Happy Friday! Today's Smart Brevity count: 1,038 words, ~ 4 minutes.
And, happy 35th birthday to Talking Heads' "Stop Making Sense," a brilliant concert film that provides today's intro tune...
Democratic presidential hopefuls in the Sept. 12 debate. Photo: Robyn Beck/AFP/Getty Images
Last night's Democratic primary debate in Houston had little discussion of climate and energy, but still lent itself to some takes (oh yeah!) from me...
1. It was kind of weird. Ok, staging a 10-person debate means some topics are inevitably downplayed or ignored. But when climate questions finally, and briefly, arrived 2 hours in, the first question was to Cory Booker about ... his vegan diet.
2. Still, climate is stitched into the fabric now. Beyond the whopping 5 minutes or so of direct discussion, many candidates wove climate into their mini-stump speeches and answers on other topics. Some examples...
3. This Elizabeth Warren answer caught my attention. The Massachusetts senator said "we've got to use all the tools" and then went on to say (emphasis added):
4. This Amy Klobuchar answer also caught my attention. The Minnesota senator said her background is a plus for confronting the "existential crisis of our time" because ... "I think having someone leading the ticket from the Midwest will allow us to talk about this in a different way and get it done."
Speaking of things the candidates were barely asked about last night, the AP-NORC Center for Public Affairs Research is out with some new polling on climate and energy.
Check out the chart above, which probably, among other things, helps explain why Democratic hopefuls focused on the primaries don't see political peril in making aggressive calls for thwarting oil-and-gas development.
The big picture: It's not pictured, but the pollsters also asked about President Trump's job performance on global warming and energy.
The Interior Department moved closer to selling drilling rights in the Arctic National Wildlife Refuge Thursday, just hours after Democrats signaled plans to thwart development if they regain control of Washington.
Driving the news: Interior released a final environmental analysis that calls for opening the refuge's entire coastal plain to development.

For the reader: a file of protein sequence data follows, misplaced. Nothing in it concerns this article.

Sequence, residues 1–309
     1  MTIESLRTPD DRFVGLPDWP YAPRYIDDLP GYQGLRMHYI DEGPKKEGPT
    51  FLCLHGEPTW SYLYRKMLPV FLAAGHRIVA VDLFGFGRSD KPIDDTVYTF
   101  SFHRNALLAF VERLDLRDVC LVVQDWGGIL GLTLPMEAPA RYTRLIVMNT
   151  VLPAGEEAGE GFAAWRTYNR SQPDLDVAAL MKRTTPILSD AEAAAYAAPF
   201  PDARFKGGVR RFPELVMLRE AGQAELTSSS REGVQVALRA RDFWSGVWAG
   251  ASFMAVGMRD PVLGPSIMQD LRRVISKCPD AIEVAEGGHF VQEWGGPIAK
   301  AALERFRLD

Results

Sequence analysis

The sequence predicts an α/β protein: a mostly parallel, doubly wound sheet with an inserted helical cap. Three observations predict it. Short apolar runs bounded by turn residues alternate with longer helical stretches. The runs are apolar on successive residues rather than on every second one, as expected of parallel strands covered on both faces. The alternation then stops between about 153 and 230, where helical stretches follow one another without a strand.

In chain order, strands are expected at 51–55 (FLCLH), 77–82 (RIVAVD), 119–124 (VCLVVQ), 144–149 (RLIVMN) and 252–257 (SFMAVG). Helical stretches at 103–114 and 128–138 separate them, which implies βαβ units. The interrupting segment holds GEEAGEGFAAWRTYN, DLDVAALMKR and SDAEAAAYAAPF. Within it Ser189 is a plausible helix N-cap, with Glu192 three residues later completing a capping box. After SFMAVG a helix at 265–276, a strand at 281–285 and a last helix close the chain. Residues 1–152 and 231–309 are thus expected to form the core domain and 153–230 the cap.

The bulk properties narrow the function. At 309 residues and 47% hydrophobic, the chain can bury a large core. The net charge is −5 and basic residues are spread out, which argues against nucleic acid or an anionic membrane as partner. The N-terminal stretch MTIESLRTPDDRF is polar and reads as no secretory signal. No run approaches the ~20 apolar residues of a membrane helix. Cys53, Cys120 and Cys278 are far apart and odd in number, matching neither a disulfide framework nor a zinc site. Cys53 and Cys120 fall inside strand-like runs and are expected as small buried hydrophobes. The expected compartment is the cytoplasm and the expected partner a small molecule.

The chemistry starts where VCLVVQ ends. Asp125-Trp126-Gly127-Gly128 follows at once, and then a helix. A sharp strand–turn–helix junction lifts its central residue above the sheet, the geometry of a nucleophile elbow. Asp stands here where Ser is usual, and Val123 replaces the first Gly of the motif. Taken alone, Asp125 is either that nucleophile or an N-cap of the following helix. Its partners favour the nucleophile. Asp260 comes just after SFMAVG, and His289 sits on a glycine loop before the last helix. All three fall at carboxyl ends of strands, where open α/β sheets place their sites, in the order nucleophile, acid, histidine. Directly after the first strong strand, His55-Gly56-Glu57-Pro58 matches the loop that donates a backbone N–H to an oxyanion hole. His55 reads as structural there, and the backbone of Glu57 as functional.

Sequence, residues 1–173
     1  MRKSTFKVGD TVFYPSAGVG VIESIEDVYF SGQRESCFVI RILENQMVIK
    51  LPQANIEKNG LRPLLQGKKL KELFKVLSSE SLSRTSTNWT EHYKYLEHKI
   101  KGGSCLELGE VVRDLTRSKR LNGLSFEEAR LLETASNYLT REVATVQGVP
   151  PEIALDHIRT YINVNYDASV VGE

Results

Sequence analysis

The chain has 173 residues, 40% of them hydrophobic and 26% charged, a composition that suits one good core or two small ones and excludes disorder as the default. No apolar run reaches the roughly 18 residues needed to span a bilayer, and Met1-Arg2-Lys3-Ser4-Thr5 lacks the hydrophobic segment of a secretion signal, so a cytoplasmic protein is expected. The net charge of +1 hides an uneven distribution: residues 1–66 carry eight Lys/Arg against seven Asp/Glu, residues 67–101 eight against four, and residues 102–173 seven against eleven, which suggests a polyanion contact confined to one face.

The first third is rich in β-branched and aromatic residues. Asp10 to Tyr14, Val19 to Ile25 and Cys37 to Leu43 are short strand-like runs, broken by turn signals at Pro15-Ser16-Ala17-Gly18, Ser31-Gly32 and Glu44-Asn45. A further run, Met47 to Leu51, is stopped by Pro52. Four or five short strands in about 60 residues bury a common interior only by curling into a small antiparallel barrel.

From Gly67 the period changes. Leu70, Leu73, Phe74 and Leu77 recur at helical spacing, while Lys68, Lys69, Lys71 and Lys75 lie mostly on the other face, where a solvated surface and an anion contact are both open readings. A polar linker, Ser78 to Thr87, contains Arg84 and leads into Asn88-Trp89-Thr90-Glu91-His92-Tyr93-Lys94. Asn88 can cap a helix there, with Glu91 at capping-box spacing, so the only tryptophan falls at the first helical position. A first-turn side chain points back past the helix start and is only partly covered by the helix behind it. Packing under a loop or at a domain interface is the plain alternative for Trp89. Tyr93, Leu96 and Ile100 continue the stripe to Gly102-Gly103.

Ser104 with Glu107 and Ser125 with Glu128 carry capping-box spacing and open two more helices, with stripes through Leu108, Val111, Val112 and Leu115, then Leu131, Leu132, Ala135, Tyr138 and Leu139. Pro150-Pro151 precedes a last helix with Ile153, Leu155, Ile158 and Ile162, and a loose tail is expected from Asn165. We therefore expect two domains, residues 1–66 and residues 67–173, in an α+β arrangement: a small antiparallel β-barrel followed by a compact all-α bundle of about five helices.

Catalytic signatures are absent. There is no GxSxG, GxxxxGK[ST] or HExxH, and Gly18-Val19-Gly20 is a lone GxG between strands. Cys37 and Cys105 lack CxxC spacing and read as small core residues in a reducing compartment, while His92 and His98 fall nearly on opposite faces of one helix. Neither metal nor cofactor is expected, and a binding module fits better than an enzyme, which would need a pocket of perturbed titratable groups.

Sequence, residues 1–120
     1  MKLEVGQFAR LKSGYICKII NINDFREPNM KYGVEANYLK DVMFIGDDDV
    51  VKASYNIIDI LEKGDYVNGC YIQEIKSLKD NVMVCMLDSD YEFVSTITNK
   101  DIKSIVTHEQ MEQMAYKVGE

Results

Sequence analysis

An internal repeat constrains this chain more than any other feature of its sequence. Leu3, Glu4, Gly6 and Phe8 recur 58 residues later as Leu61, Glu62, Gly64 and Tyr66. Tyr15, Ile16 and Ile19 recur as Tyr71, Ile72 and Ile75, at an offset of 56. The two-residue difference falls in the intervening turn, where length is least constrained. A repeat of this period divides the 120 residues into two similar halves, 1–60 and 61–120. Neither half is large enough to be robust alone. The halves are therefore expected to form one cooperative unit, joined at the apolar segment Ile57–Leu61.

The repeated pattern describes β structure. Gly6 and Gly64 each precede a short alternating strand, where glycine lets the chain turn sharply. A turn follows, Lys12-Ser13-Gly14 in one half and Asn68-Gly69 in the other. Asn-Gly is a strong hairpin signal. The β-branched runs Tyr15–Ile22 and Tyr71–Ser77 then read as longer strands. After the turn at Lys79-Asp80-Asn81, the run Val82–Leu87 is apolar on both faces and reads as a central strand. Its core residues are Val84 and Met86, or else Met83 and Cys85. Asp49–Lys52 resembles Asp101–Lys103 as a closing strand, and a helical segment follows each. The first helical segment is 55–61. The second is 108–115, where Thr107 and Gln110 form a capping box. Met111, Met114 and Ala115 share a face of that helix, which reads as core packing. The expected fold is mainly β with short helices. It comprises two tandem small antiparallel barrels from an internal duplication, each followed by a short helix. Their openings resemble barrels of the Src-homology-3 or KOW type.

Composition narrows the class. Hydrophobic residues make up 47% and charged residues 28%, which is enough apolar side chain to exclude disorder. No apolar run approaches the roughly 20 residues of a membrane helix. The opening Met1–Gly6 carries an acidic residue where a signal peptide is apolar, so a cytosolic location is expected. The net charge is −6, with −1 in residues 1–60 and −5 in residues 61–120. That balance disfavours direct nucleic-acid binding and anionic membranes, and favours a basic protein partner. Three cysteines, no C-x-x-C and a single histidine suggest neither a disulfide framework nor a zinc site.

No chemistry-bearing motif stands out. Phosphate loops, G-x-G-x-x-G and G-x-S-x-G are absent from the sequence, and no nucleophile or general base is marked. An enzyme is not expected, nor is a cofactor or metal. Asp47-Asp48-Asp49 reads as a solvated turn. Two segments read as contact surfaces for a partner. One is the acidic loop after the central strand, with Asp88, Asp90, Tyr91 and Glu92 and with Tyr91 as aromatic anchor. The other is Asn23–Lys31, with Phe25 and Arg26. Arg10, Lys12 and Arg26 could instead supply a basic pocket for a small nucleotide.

Why it matters: Several billion barrels of recoverable oil are thought to underlie the North Slope area that Interior is opening. But, environmentalists fear that drilling will harm the ecologically sensitive preserve that's home to caribou, polar bears and other species.
But, but, but: The House, along party lines, voted 225-193 yesterday to reimpose a drilling ban in the refuge. 4 Republicans voted for the new restrictions, while 5 Democrats opposed it.
S&P Global Platts' Herman Wang has a good, on-the-ground look at new Saudi oil minister Prince Abdulaziz bin Salman.
Why it matters: Saudi Arabia is OPEC's most powerful producer, but faces all kinds of challenges amid dealing with modest oil prices, setting the stage for the Aramco IPO, and managing the cartel's production-limiting deal with Russia.
The big picture: The story draws out the contrast between the new minister and ousted Khalid al-Falih.
But, but, but: The change is more than just stylistic, the story notes, pointing to Abdulaziz's "frank admission that Saudi Arabia and Russia, the two largest producers in the 24-country OPEC/non-OPEC coalition by far, had been dominating the group's deliberations for too long."
A natural gas filtration system in Mifflin Township, Pa. Photo: Robert Nickelsberg/Getty Images
EPA's proposal to roll back methane regulations not only poses environmental risks, but also jeopardizes new leak-detection technologies that could create high-paying jobs nationwide, write Axios Expert Voices contributors Arvind Ravikumar and Morgan Bazilian.
Why it matters: Reducing emissions of methane — a greenhouse gas with a global warming potential up to 34 times that of carbon dioxide over 100 years — is critical to maintaining the emissions advantages of natural gas over coal, especially as U.S. LNG exports grow.
The impact: Early-stage companies developing this technology are poised to expand, but scrapping methane regulations could freeze their growth in the oil and gas communities where sensors would be deployed.
Ravikumar is an assistant professor at Harrisburg University of Science and Technology and a non-resident fellow at the Payne Institute at the Colorado School of Mines. Bazilian is a professor of public policy and director of the Payne Institute.